I have written previously about Cloverfield Press, and have been meaning to write about them again. Two of their books arrived in the mail several weeks ago. These are not really books but bound, stand-alone short stories. They are lovely little things, each with a cream-colored dust jacket upon which title, author, and minimalist illustration are gently embossed.
The ones I got are "Gentleman Reptile" by Henry Baum and "The Cubist Infant" by Justus Ballard. I read each twice; both are very good. "Reptile" is the simpler story, about a man who finds out that his daughter has been appearing in internet pornography, then must reconcile his disgust with his own consumption of pornography and supercharged sexual appetite. Up until the end it's a decent story, but the closing paragraphs made me rethink it (although the final sentence is unnecessary, or maybe just too blunt), and the more I thought about it, the more I liked it, and it became a lot better than just decent.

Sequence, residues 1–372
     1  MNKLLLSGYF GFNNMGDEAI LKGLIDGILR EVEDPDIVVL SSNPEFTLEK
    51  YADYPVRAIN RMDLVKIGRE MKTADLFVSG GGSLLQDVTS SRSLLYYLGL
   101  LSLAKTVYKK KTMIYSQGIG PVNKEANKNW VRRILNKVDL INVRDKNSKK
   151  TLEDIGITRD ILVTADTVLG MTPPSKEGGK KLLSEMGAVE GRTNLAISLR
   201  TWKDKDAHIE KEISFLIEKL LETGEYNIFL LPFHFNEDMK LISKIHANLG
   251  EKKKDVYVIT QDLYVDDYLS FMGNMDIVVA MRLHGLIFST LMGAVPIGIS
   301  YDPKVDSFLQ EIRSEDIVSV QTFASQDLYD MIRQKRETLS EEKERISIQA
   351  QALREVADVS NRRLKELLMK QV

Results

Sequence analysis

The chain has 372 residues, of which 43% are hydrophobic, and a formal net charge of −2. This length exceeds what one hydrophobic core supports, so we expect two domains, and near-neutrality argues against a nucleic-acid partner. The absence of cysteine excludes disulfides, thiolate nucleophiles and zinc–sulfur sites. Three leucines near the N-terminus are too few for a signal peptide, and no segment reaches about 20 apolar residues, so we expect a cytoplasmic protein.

"The Cubist Infant" is a sprawling fictional account of the friendship between Picasso and Georges Braque. Braque is sexually obsessed with Picasso and somehow becomes impregnated by him. All sorts of jackassery goes on between the two. The story is fascinating if oblique, and it contains perhaps the most stomach-turning birth scene - truly, it is disgusting - that I have read anywhere.
I have two more Cloverfield books coming. I look forward to reading them. I am very careful with the ones I have now. (The same is true of Valzhyna Mort's handbound chapbook, which is sitting on my bookshelf, sort of carefully propped on its own, as I type this.) They're so delicate. I really enjoy having possessions like this.